Politics

Venom Of CAB Critics Flows From This: ‘Hindus Are Persecutors, Never The Persecuted’ 

CAB protesters at a rally. (Hindustan Times)
Snapshot
  • A new sense of India as a civilisational state with obligations to all Indic peoples in the neighbourhood worries Hinduphobics no end.

    The opposition to CAB mirrors this reality.

If one were to read the subtext in all the Left-Lutyens meltdown over the passing of the Citizenship Amendment Bill (CAB) 2019, which is now law after presidential assent, it is this simple one: how dare India speak up for persecuted Hindus in the neighbourhood?

A 72-year code of Omerta, where Hindus can only be seen as victimisers and not victims of oppression, has been broken and this is the primary cause of Left- Secular hysteria over CAB, which does not do anything to affect the rights of Muslims in India.

If one were to listen to all the critics who spoke against the bill in Parliament and outside it, there was almost no empathy for those persecuted by three Islamic states in our neighbourhood. Their main objection to the bill was, “how could Muslims be excluded from its ambit?” Suddenly, people who never spoke up for Shias or Ahmadiyyas and Hazaras discovered that they were the real oppressed peoples in the sub-continent. How dare Hindus fight for the rights of other Hindus?

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The fact that Christians were included among the minorities to be fast-tracked for Indian citizenship did not draw one positive comment from the critics of CAB. They just did not want Hindus to be seen as victims ever.

This is the logic that made Left historians reject archaeological evidence about a pre-existing temple underneath the Babri Masjid, and also deny that any bigoted Muslim ruler ever destroyed temples for reasons other than politics. A non-Hindu ruler can never be seen as unjust to Hindu people, but the reverse can always be true.

This has been the pattern in India’s perverted secularism even since Indira Gandhi allowed assorted Leftists and Hinduphobics to take over the academic and intellectual spaces of India from the late 1960s.

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This Hinduphobia did not originate from Nehruvian India, even though India’s first prime minister did not have much time for Hinduism or was an admirer of its innate inclusiveness and acceptance of diversity. The only major blot on Indic inclusiveness is caste, a mistake for which we are going to pay a huge price today and for a considerable time in the future.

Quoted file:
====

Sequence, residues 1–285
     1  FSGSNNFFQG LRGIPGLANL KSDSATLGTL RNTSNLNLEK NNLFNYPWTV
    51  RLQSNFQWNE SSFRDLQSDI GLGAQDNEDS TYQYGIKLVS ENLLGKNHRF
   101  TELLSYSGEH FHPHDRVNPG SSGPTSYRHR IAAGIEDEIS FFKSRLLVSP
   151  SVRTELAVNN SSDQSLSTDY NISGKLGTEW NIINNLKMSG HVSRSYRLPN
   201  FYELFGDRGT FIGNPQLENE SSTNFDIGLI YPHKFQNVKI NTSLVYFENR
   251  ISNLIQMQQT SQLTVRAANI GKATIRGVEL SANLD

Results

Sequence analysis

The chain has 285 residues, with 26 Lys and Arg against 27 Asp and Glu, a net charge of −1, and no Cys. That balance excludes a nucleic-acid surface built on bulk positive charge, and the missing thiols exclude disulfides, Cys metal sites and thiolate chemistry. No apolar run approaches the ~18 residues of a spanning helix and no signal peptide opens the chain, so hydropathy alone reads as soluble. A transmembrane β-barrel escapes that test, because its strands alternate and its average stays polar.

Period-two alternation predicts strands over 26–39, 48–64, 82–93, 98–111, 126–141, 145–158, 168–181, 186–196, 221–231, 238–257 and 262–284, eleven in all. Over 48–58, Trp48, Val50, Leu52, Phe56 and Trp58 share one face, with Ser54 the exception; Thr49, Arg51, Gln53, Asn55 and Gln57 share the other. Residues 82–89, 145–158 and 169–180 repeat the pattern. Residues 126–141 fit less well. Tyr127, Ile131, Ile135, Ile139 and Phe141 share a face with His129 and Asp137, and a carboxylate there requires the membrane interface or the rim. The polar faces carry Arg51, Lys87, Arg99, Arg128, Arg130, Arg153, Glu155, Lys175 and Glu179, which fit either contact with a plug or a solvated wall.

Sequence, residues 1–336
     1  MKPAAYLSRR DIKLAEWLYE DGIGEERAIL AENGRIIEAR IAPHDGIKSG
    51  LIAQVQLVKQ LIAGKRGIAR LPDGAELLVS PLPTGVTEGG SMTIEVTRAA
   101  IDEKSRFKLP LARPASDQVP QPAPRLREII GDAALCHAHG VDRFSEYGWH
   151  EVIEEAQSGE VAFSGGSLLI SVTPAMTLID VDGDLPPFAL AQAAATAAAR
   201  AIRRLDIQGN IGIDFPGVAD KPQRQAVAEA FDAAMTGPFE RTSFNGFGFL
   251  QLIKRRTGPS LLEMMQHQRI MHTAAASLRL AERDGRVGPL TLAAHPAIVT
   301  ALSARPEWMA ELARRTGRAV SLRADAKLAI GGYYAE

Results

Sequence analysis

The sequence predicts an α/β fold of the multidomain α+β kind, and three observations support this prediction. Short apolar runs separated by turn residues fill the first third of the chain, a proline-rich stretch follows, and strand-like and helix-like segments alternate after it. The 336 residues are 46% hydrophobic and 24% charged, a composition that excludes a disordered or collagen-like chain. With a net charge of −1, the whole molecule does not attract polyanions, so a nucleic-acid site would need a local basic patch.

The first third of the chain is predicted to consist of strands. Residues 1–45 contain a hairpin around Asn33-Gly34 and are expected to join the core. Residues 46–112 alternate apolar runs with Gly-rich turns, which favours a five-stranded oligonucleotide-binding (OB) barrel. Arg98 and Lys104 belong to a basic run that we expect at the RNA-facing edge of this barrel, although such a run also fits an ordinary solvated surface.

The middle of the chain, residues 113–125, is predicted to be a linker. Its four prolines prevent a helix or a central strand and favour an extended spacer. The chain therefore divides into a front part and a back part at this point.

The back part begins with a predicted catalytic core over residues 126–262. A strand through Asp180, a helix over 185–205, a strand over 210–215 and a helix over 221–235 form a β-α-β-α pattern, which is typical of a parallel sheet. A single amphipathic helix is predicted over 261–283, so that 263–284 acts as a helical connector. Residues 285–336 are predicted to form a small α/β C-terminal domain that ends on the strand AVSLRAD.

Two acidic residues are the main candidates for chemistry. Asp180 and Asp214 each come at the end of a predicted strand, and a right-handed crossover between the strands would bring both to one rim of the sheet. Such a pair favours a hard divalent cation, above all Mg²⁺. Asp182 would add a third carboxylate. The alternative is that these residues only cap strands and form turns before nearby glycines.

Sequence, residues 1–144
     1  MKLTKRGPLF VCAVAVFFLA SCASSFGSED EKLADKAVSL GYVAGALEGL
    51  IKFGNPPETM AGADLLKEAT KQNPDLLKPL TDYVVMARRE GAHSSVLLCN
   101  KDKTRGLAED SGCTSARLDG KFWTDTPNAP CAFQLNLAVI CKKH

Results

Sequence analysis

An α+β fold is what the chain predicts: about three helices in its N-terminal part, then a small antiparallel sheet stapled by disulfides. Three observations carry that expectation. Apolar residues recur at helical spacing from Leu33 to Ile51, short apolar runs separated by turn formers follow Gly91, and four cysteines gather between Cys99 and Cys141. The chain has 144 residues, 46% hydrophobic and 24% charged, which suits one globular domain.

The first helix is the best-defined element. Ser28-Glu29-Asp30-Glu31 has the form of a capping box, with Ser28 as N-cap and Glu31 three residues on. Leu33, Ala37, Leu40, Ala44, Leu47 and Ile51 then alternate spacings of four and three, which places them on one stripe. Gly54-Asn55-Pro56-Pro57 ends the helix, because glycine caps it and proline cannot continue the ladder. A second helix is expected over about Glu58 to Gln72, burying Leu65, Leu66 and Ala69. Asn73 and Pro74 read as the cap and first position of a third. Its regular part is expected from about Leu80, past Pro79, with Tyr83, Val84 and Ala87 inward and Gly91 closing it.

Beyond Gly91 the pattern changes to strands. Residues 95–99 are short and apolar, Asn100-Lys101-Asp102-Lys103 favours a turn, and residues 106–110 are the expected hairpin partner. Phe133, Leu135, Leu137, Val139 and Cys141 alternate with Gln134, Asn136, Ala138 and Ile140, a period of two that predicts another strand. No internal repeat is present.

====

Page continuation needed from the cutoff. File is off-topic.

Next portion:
Despite Nehru’s personal predilections and preference for socialism, his ministers and close political allies were no Hinduphobic. Which is why independent India could confidently use Indic symbols and Vedic and Upanishadic wisdom as mottos for its new institutions and arms of the state.

From the national motto (Satyameva Jayate) to the Supreme Court’s Yato Dharmastato Jayah, to spy agency Research & Analysis Wing’s Dharmo Rakshati Rakshitah, to the Life Insurance Corporation’s Yogaskhemam Vahamyaham, to the Indian Institute of Management Bangalore’s Tejasvi Navadhitamstu, every major institution created after independence is steeped in Indic sensibility, creating a link to our 5,000-year unbroken civilisational heritage.

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The early Indian leaders were not deracinated people filled with self-loathing and self-hate. Nehru himself was Hindu enough to want his ashes scattered in the rivers and mountains of India, albeit for non-religious reasons.

The language of Indian politics, though it has its origins in the colonised pre-Indian mindset, turned towards self-hate and Hinduphobia once the Left took over academia, and words inapplicable to the Indic context became central to our political discourse.

Thus, we talk of secularism, an idea that germinated in church-state conflicts in Europe, when pluralism – an idea that transcends religion and looks at other forms of diversities – is the Indian word to use.

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The term majoritarianism is now standard issue with the 'secular' and Left cabal to tar Hindus, when Hinduism is not about one god, one prophet, one book, one set of fundamentals. It is possible for an Abrahamic country to be majoritarian, but not an ultra-diverse Indic civilisation that allows everybody to seek god and truth in his or her own way.

Hindus are a diverse people seeking to build a layer of unity today to avoid decimation and annihilation in their home country. With Abrahamism it is the other way around: it is about imposing unity through ideological purity and force, about world conquest and domination. Fundamentalism is inherent to Abrahamic faiths, not to Indic pathways.

An Indian sensibility, and a new sense of India as a civilisational state with obligations to all Indic peoples in the neighbourhood worries Hinduphobics no end. The opposition to CAB mirrors this reality. It is not about really fighting for equal rights for Muslim illegal migrants. It is about denying that Hindus can ever be victims, and that too in Islamic states.

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The opposition to CAB is a reiteration of the Abrahamic brotherhood of Christianity, Islam and Marxism, all people of the book, revelations and millenarian visions of a perfect world brought about through endless violence against people they disagree with. Where violence is not feasible, ideological oppression allows for endless demonisation of India’s civilisational heritage.

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